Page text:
Wednesday Weeks and the Tower of Shadows by Denis Knight and Cristy Burne

Magic and science don’t often go together. Magic is mysterious and unexplainable whereas science is grounded in fact and can always be explained. Both magic and science are equally important in Denis Knight and Cristy Burne’s new series, Wednesday Weeks. The first book in the series, Wednesday Weeks and the Tower of Shadows, is out now and it’s absolutely brilliant!

Wednesday Weeks is always accidentally creating havoc, whether it’s setting things on fire or blowing things up. Her teacher knows what to expect and keeps a fire extinguisher handy at all times. If that wasn’t bad enough her sorcerer grandfather keeps materialising in her classroom, ready to take his apprentice away. Wednesday never asked to be a sorcerer’s apprentice, but her grandpa keeps showing up. One day, Wednesday will be the Protector of the Realms and her grandpa needs her to be ready. When Wednesday and her grandpa travel to the Realm of Slugs, they are attacked by the fire-flinging, psychotic goblin king, Gorgomoth. Grandpa refuses to give Gorgomoth the Ruby Ring, with which he would enslave the Nine Realms, so Gorgomoth takes grandpa and disappears through a void. Together with her best friend Alfie, a prime-number fan and robotics expert, and a wise-cracking talking skull called Bruce, Wednesday must learn to control her magic so that she can rescue her grandpa from the Tower of Darkness. Together they will have to solve puzzles, outwit fairies and survive a laundry maze to reach the Pit of Extreme Discomfort in the heart of the Tower of Darkness.

Wednesday Weeks and the Tower of Shadows is an epically awesome adventure that had me laughing out loud the whole way. There is something for everyone in this story, whether you like coding and mathematical problems, magic spells and sorcerers, or power-crazy villains and sarcastic sidekicks. Wednesday and Alfie are two characters that I would follow anywhere. Between them they can solve any problem that comes their way.

The book is bursting with humour, from the characters, like Bruce the wise-cracking talking skull, to the witty dialogue, and Denis and Cristy’s spot-on comedic timing. There are so many parts of the story that made me laugh out loud, like the fact that there is a Realm of Unfriendly Cats, or that Wednesday’s grandpa has a Settee of Interdimensional Contemplation. I love that Bruce is totally sarcastic and you never know what will come out of his mouth. You can tell that Denis and Cristy had a lot of fun writing this story and really let their imaginations go wild. I mean, a maze in a laundry, filled with clothing that turns into a kraken?! Fantastic!

Wednesday Weeks and the Tower of Shadows has me hooked on the series. I’m super excited for book two, Wednesday Weeks and the Crown of Destiny, which is out in September. I can’t wait for more adventures with Wednesday, Alfie and Bruce!

Wow in the World: The how and wow of the human body by Mindy Thomas and Guy Raz, illustrated by Jack Teagle

I love children’s nonfiction books that present their information in a fun and fresh way. These are the books that I know will inspire kids to learn about something new. It might be the design of the book, that breaks the information in to small chunks, or the format in which the authors present the information. Wow in the World: the how and wow of the human body, by podcast hosts Mindy Thomas and Guy Raz, is one of these great nonfiction books. It is sure to teach kids heaps of interesting facts about the human body and have them laughing out loud while they read.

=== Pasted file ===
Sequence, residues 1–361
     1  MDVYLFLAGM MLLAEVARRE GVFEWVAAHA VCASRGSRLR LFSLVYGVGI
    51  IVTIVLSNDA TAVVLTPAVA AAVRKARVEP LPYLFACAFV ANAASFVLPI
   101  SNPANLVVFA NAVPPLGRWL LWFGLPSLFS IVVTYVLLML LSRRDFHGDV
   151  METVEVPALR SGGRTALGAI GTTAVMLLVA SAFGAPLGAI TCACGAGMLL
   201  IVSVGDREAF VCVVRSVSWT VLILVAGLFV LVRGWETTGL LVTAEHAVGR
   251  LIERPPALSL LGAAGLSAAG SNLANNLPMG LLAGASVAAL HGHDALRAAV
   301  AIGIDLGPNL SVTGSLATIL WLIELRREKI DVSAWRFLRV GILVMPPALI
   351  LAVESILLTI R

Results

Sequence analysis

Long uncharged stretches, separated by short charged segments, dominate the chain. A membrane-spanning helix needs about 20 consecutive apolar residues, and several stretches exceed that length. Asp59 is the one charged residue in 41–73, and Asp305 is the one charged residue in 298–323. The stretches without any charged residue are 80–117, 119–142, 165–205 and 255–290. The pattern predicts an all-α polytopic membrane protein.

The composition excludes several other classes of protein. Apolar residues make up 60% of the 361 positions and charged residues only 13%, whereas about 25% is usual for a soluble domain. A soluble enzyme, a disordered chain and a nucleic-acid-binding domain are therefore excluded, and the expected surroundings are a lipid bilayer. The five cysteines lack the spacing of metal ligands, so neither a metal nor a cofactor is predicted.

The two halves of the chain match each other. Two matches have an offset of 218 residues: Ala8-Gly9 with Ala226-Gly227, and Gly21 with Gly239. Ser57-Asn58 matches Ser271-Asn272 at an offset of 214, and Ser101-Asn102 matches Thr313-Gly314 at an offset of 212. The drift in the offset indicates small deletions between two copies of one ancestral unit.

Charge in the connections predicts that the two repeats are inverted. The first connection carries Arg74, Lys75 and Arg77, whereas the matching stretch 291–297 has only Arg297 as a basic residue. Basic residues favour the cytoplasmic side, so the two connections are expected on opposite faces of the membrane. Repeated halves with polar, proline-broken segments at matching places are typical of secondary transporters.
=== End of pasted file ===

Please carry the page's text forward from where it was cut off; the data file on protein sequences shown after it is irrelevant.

My eyes were drawn towards this book in my local bookshop, with its bright yellow cover, the title exploding off the front and the cartoon images of the authors. As soon as I picked it up and flicked through it, I knew I needed it for my school library. It’s the most visually appealing book about the human body that I’ve seen and it looks funny. This makes it a great book for dipping in to as you could just pick a section that you’re interested in. I started reading from the start and just kept on reading, because it’s so interesting and entertaining.

Like all human body books, this one is split in to different sections. There’s a welcome to your body section, where Mindy and Guy tell you the different ways you could experience this book (read it out of order and share interesting facts with your friends and family) and things you shouldn’t do with this book (barf over it when you read the gross parts). We then go on a tour of the human body, including the stuff on the outside (like hair, skin and nails) and the stuff on the inside (like the skeleton, heart and digestive system). Each section is jam-packed with info about how each part works and why it’s important. That is accompanied by Jack Teagle’s diagrams, comics and other visual gags that will make you chuckle. There are also heaps of Fact Snacks, quizzes and Bonus Body sections. The Fact Snacks are quick facts that are easy to remember and share with your friends and family.

This is one of the coolest children’s nonfiction books ever! I love that it is so visual, because this makes it both super fun and very re-readable. There are lots of comics throughout the book, like the Body Parts Awards and Muscle Mania, which will make this book appealing to those kids who love comics and graphic novels. The Bonus Body sections are hilarious! They tell you about the body parts you (probably) don’t need and all about your butt. There’s a good glossary and index at the back of the book, along with a bibliography, and books and websites for recommended reading. The book is based on a podcast by the authors, so there are also QR codes linking to each episode of Wow in the World.